The memoirs of Australia's most divisive politician since Pauline Hanson are released today, in a book which publishers say will provide a rare behind-the-scenes glimpse into the underbelly of political life in Canberra.
The musings of a former opposition leader who resigned after losing his first major election would normally be of only marginal interest in Australia, but the diaries of ex-Labor Party leader Mark Latham have dominated front pages and airwaves for more than a week.
Major issues such as approval for full privatization of telecoms giant Telstra and Prime Minister John Howard's trip to the UN world summit have been overshadowed by debate over the book's claims.
Latham, 44, was hailed as Labor's saviour heading into a general election last October. But voters emphatically rejected his leadership and handed Howard's conservative government a fourth term in office.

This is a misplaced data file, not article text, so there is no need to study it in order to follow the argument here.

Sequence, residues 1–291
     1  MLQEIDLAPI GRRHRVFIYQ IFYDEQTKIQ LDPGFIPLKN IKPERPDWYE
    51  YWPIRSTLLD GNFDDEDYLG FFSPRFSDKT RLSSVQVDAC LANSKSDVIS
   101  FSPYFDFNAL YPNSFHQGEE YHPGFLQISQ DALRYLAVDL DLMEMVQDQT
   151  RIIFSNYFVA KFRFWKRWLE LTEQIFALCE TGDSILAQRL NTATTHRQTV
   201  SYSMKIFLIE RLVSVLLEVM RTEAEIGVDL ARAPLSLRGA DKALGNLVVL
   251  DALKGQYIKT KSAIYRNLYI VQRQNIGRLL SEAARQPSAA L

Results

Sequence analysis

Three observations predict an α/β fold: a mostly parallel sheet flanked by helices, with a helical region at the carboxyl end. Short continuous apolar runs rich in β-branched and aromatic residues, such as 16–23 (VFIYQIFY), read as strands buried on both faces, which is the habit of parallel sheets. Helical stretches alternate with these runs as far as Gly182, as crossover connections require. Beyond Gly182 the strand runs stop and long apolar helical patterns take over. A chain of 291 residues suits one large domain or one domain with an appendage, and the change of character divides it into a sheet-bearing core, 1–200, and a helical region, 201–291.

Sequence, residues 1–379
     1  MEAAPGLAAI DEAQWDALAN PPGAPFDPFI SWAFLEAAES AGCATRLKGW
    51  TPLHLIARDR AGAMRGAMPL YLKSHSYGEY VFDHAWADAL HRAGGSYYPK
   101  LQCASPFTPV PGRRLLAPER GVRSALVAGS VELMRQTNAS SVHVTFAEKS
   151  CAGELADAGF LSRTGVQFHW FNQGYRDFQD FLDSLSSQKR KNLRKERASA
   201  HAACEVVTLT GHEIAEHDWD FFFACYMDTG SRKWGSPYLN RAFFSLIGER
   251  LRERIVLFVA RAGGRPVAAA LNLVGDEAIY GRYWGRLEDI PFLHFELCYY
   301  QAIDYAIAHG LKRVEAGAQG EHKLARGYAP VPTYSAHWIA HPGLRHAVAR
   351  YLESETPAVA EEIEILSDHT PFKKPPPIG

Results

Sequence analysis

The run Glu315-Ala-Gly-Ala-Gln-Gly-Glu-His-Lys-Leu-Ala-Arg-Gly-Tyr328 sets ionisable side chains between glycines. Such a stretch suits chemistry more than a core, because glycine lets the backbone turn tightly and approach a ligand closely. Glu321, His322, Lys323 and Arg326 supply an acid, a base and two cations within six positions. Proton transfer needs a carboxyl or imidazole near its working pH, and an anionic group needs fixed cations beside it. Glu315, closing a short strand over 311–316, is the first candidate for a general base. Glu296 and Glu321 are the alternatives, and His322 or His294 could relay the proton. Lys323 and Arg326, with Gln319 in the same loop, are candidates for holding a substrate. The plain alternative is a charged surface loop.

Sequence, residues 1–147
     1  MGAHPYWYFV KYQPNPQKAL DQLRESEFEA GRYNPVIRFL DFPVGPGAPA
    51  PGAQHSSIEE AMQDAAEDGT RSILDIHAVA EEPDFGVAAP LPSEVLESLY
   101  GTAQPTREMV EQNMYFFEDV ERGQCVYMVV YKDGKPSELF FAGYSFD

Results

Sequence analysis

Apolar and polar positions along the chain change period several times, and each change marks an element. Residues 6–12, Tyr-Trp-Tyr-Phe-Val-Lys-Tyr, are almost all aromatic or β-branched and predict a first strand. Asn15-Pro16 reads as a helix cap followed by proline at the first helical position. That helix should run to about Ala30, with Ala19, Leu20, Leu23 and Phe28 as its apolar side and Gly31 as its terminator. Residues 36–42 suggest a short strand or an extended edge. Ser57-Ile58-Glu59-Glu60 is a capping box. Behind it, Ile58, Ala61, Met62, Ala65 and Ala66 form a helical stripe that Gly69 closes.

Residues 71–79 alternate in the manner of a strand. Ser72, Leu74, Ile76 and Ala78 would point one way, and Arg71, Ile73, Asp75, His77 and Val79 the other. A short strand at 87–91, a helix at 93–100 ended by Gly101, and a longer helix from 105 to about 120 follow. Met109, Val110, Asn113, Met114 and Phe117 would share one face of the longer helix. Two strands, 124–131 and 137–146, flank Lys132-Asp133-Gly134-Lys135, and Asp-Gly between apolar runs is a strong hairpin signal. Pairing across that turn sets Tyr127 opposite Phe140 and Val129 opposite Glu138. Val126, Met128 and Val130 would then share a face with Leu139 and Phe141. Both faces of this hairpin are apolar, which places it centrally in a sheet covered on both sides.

He came to the leadership with an admiration for former Prime Minister Paul Keating, who was renowned for calling his political opponents "scumbags."
Latham adopted similar vitriol in his 13 months as leader, referring to US President George W. Bush as "the most incompetent and dangerous president in living memory" and Howard's government as "a conga line of suckholes."
The former opposition leader turns his guns on his own side, including former colleagues whom he blames for his defeat, in The Latham Diaries.
The Labor Party is derided as a corrupt, irreparably broken, unelectable cesspit, while current Labor leader Kim Beazley is accused of orchestrating a smear campaign of sexual innuendos in his quest to get the top job.
"I wouldn't make him the toilet cleaner at parliament house, let alone the leader of the opposition," Latham told the ABC ahead of his book's publication.
Latham also reveals that his pre-election support for Australia's US alliance was not sincere, calling the pact "the last manifestation of the White Australia mentality" in reference to the country's discriminatory migration policies that were scrapped in the 1960s.
The book has sparked a political furore not seen since right-wing firebrand Pauline Hanson condemned Asian migration and Aboriginal welfare in the 1990s.
Labor campaign strategist Bruce Hawker said the bile and double standards revealed in the book would affect all politicians' standing in the community.